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Medical kits for volunteers running field hospitals near Ukraine’s front line are in short supply as Russia prepares to launch a major push on Kyiv, a British former soldier said on Tuesday.
Shane Matthew, 34, an ex-sniper in Afghanistan, said vital fluids, emergency dressings and bandages were all insufficient to supply the 800 people he was working with to treat the civilian and military wounded, with the expected Russian advance on the capital.
“All of the vital equipment that we need, we don’t have,” he told The National, after a day of training Ukrainian dentists and neonatal clinic nurses on treating battlefield wounds.
“I have a supply convoy coming out on Wednesday, which probably doesn’t even contain half of what I need. I have more than 800 people that I need to kit out and it’s going to be a struggle.”
Russia's bombardment of Ukraine has edged closer to central Kyiv with a series of strikes hitting a residential area.
Ukraine’s President Volodymyr Zelenskyy said four multi-storey buildings were struck, killing dozens of people. The US said Russian forces on Monday were about 15 kilometres from the centre of the city.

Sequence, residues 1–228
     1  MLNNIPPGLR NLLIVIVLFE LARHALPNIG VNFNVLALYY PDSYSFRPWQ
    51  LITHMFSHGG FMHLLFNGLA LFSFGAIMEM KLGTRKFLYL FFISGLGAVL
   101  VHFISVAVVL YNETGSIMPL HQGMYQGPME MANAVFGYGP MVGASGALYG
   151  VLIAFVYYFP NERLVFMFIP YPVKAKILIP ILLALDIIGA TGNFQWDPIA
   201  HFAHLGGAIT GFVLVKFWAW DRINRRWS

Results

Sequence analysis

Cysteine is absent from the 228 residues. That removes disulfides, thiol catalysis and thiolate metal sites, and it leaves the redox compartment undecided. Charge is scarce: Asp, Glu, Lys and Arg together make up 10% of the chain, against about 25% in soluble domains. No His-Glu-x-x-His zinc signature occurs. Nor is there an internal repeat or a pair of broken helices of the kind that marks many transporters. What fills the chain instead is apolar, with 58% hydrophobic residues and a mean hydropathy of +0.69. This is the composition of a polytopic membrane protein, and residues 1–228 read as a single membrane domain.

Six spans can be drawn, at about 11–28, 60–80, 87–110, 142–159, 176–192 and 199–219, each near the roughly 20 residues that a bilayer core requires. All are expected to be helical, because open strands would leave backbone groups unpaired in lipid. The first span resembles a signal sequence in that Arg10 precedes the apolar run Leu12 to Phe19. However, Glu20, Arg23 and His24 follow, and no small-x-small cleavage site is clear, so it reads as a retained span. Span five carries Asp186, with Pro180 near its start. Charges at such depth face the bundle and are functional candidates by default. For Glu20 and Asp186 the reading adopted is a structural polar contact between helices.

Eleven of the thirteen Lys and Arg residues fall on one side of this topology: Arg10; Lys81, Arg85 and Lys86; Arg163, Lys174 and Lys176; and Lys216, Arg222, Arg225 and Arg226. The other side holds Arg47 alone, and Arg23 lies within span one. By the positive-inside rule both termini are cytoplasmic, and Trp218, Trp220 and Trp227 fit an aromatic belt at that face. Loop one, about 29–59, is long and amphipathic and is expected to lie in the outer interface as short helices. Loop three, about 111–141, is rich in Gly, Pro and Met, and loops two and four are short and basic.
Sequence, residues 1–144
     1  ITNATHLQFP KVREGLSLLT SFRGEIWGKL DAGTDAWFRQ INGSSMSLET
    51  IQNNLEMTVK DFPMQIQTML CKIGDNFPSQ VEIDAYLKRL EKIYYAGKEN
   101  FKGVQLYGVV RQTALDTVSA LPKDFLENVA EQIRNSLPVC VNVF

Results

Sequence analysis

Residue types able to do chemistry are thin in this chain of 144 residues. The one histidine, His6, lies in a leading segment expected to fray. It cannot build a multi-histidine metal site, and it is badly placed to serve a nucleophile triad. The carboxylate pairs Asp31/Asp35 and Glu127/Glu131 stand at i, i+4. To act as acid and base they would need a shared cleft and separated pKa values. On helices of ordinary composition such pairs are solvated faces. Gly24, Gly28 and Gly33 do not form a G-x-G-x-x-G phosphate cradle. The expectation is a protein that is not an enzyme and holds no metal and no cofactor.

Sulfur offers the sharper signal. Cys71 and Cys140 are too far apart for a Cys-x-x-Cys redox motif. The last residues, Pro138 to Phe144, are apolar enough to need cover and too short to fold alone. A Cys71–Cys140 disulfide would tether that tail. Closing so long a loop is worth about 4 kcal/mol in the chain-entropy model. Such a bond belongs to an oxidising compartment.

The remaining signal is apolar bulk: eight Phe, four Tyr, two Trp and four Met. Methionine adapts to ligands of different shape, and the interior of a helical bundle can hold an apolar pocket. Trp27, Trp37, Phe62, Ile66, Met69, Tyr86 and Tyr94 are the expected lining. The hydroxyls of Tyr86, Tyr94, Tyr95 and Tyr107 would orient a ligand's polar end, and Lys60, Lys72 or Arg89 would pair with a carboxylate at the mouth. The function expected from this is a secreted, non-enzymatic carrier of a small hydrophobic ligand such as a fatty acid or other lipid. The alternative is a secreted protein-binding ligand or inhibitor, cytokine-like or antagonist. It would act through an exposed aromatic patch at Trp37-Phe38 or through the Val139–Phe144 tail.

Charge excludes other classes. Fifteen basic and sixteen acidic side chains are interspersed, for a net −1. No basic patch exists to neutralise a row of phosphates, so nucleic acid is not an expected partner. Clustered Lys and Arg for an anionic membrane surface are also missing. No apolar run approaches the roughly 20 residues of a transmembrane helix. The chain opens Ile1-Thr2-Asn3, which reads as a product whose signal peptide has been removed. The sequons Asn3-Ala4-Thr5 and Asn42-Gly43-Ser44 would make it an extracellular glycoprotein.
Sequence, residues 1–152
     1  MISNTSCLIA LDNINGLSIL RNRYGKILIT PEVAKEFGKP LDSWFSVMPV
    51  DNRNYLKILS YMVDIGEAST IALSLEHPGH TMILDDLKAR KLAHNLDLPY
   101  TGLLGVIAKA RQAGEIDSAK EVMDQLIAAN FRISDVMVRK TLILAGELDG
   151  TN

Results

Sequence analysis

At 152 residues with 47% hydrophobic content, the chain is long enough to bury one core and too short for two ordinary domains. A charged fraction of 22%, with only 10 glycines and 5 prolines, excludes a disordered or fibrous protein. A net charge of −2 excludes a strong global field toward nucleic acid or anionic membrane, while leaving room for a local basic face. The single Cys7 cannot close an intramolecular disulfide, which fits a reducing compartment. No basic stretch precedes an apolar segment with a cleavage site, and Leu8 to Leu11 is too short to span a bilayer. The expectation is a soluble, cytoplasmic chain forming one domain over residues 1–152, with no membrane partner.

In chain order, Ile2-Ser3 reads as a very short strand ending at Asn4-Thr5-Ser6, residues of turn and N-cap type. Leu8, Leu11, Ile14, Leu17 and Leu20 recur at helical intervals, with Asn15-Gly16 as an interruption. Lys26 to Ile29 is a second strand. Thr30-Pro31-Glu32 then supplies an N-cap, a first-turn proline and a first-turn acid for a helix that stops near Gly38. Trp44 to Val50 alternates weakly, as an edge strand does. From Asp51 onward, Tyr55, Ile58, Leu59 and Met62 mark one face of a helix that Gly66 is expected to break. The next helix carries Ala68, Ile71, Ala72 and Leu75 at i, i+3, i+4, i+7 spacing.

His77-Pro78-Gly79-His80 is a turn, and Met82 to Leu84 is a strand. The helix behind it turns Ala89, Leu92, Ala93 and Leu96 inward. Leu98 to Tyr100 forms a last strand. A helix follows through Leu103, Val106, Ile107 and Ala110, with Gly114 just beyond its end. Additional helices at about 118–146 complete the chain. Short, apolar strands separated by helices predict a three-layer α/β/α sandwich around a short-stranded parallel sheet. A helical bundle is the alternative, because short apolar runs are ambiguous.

Fighting has intensified on Kyiv's outskirts in recent days. The early morning artillery strikes hit a district of western Kyiv, near the suburb of Irpin, which has seen some of the worst battles of the war.
Mr Matthew, who worked as a medical contractor in Iraq, said he was working closely with a Ukrainian military unit in and around Kyiv and Irpin.
He arrived in the capital on Thursday after travelling from the UK. He said he was not planning to take up arms because of the risk of prosecution on return to the UK.
Mr Matthew said the cold conditions meant training time was limited and the spring thaw was starting to turn some areas into a quagmire.
“The front line itself is absolutely terrifying,” he said. “It’s a to and fro of artillery fire. Day and night, it does not stop.
“I can’t even describe how heavy it is. It’s absolutely terrifying, even for me and I’m very seasoned at taking incoming – a lot of bombed-out buildings, a lot of bombed-out cars, a lot of bodies.”
Mr Matthew said he was the only overseas paramedic visiting the sites and carrying out training for the unit.
He said foreign volunteers without medical or military training should stay away.
“We’ve turned away so many since being here,” he said. “They’re just going to get people killed.”